Disclaimer: IANAL. I am not a lawyer linguist.

The syntax of (for example) $cgi = new CGI; is called indirect object syntax, which is also said to be in the dative case. Are these actually the correct designations?

Let me elaborate on that question. The way I understand grammar, it should be direct object (or accusative) instead:

$ball = new Ball:Soccer; # Creates a soccer ball. kick $ball; # Ball::Soccer defines sub kick {...} # I.E. this reads $ball->kick;

We can easily defend that in this example, $ball is not a subject ("it performs the action expressed by the verb"). Rather it could be argued that it is a direct object ("Entity acted upon", I.E. the action is to kick, the thing which is kicked is the ball). Also:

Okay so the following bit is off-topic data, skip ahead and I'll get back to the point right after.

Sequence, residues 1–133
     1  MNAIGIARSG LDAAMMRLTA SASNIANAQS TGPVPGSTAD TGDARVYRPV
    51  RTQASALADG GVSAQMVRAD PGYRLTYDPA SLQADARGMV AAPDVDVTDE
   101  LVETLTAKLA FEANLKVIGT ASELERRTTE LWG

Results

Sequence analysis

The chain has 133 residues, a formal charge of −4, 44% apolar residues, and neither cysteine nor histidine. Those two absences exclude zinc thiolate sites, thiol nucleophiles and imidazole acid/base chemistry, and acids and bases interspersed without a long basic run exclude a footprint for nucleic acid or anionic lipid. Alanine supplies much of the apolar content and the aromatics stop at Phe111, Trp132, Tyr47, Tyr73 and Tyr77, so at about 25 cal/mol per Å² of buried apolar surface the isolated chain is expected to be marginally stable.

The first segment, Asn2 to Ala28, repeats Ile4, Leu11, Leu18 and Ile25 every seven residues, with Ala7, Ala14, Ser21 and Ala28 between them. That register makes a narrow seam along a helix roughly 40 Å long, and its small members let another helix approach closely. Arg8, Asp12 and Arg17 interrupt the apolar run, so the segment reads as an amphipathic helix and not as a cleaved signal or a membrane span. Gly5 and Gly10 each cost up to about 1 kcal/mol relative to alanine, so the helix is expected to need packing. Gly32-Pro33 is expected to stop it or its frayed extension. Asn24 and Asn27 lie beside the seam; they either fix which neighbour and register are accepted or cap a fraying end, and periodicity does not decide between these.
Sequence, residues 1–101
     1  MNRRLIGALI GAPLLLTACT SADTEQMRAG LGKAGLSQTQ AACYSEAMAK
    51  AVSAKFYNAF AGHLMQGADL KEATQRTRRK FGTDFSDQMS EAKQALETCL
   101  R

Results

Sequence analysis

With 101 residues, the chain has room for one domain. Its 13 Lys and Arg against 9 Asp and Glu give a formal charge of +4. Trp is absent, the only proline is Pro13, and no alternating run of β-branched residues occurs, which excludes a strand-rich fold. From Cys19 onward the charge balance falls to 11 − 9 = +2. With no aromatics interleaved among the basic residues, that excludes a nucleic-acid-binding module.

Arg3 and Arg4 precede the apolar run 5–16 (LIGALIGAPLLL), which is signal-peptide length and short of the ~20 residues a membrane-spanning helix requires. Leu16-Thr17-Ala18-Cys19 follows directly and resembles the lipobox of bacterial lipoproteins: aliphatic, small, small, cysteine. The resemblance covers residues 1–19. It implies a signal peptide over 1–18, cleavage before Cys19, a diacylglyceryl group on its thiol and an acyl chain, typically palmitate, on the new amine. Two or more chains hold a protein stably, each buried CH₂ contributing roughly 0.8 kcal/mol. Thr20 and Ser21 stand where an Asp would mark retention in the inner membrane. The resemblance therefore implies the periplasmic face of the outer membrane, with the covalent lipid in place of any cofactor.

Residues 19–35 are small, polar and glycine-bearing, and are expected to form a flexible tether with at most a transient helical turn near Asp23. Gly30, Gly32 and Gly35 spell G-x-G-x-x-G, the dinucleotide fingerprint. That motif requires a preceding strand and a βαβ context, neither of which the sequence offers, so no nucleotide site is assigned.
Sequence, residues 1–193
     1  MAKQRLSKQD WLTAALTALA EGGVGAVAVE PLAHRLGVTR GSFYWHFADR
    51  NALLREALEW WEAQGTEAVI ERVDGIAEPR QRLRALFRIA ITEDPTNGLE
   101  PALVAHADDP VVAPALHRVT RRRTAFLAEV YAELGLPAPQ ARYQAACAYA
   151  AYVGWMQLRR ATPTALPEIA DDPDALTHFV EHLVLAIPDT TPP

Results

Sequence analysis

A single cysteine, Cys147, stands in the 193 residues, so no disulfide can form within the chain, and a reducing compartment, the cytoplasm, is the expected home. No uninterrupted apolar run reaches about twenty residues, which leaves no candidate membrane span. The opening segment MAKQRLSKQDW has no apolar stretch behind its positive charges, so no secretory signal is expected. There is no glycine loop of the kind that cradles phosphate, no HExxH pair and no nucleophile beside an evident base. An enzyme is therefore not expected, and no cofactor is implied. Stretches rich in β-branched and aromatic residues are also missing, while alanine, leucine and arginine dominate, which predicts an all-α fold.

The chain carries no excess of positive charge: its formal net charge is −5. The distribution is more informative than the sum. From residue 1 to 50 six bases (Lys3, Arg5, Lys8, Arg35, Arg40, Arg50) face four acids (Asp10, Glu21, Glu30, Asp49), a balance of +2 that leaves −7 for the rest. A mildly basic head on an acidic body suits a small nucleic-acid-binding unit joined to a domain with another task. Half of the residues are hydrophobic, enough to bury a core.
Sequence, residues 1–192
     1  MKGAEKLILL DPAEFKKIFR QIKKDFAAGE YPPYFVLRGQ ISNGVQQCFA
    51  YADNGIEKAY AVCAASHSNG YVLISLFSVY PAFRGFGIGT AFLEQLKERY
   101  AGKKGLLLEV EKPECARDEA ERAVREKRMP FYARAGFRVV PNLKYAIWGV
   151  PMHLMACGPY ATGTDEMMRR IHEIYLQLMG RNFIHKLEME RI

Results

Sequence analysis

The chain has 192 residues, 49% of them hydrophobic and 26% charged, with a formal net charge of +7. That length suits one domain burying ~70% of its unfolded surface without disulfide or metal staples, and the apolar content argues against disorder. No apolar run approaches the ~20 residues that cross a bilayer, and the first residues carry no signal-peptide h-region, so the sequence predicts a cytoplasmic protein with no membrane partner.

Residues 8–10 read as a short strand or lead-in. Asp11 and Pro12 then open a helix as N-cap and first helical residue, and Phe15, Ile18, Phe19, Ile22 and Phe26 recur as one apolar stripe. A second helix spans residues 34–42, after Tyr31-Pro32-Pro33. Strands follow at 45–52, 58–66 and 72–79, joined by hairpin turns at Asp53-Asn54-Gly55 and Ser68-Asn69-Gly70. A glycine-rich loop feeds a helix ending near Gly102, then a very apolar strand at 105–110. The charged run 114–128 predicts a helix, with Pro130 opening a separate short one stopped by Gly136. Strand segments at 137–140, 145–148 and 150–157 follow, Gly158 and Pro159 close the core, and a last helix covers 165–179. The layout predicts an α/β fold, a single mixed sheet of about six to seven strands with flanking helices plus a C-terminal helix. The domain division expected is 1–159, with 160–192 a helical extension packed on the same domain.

One rule of thumb for English, however, is that an indirect object is not present unless a direct object is also present

Wikipedia: Object (grammar) - Types of objects

For a dative case to be present, we'd need something like

$ball = new Ball::Soccer; $john = new Person; give $john $ball;

And even here, $ball would still be the direct object, or accusative (the object which is being given) and $john would be the indirect object, or dative (the object to which (or rather whom) the ball is being given).